Theses and Dissertations

Issuing Body

Mississippi State University


Dodds, Darrin M.

Committee Member

Krutz, L. Jason

Committee Member

Catchot L. Angus, Jr.

Committee Member

Irby, Trenton J.

Committee Member

Jenkins, N. Johnie

Date of Degree


Document Type

Dissertation - Open Access


Plant and Soil Sciences (Agronomy)

Degree Name

Doctor of Philosophy (Ph.D)


College of Agriculture and Life Sciences


Department of Plant and Soil Sciences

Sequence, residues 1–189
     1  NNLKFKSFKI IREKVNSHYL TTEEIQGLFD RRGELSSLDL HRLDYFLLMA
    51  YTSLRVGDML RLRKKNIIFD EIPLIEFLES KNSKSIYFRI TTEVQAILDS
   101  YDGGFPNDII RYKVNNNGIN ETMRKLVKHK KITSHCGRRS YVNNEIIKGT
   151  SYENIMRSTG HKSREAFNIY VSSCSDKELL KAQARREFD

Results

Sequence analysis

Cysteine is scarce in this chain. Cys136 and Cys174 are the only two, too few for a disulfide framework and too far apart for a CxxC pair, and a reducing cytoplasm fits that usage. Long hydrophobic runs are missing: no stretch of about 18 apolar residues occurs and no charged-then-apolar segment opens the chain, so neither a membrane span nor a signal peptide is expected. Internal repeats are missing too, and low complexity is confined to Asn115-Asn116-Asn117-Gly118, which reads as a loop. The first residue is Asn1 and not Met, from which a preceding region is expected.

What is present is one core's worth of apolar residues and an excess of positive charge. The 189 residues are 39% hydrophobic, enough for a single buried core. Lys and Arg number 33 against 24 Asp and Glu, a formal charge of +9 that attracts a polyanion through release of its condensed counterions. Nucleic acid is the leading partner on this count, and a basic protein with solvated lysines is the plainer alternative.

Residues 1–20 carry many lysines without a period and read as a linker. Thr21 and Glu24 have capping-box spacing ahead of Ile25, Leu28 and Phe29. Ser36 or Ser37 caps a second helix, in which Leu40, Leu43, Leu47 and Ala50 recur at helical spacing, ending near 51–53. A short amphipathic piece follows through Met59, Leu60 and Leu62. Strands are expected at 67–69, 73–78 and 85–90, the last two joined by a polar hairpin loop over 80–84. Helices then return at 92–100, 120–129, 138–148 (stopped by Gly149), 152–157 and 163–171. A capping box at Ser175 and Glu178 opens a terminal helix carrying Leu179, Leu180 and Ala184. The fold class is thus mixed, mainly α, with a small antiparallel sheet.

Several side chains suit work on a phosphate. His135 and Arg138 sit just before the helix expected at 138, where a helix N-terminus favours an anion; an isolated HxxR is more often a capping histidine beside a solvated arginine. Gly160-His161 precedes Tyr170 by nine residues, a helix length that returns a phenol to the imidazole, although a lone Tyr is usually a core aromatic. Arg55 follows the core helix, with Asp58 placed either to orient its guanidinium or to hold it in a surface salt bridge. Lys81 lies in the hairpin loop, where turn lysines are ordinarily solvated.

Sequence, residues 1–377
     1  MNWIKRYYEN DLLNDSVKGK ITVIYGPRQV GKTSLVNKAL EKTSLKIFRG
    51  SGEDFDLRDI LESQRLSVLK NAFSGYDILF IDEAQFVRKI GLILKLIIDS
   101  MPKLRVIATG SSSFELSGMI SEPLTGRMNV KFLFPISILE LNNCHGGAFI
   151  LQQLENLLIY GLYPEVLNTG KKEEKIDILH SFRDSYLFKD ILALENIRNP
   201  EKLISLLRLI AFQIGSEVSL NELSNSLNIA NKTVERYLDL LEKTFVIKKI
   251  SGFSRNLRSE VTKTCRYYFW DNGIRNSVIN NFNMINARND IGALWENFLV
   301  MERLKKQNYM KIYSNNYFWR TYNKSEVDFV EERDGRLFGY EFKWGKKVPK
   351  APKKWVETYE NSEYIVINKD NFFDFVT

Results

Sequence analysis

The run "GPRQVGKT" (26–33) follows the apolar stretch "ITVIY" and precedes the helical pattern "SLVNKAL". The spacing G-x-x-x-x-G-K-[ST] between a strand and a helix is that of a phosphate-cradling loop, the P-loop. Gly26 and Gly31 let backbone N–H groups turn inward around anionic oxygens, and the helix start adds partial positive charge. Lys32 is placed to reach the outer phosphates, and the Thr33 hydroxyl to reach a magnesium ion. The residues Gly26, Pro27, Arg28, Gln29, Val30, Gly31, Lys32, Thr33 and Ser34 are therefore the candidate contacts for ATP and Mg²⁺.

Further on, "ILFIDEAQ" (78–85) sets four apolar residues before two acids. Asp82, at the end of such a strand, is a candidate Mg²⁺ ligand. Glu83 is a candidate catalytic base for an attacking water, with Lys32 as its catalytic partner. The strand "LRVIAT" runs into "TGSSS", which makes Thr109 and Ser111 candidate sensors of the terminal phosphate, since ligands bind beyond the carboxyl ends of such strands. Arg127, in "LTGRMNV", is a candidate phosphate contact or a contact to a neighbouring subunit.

Through proper irrigation scheduling and management of damaged cotton, sustainable agricultural withdrawal from the Mississippi River Valley Alluvial Aquifer can be achieved while maximizing net returns. This research was conducted to 1) develop a sensor based irrigation strategy that maximized cotton lint yield and quality, irrigation, and water use efficiency (IWUE) and 2) quantify the effects of timing of damage, intensity, and foliar N on cotton growth and development. Lint yield, fiber quality, and IWUE were optimized using a season-long irrigation threshold of -90 kPa and irrigation terminated 2-weeks before cracked boll. Regardless of cotton variety (early- or late-maturing) or timing of damage, plant height, number of nodes, and lint yield were negatively correlated with the intensity of damage. Moreover, the application of foliar nitrogen to damaged cotton had no effect on plant growth, lint yield, or fiber quality, regardless of N application timing. These data indicate that lint yield, and fiber quality are optimized when cotton varieties are selected based on yield potential, irrigated at -90 kPa threshold, and irrigations are terminated two weeks before cracked boll.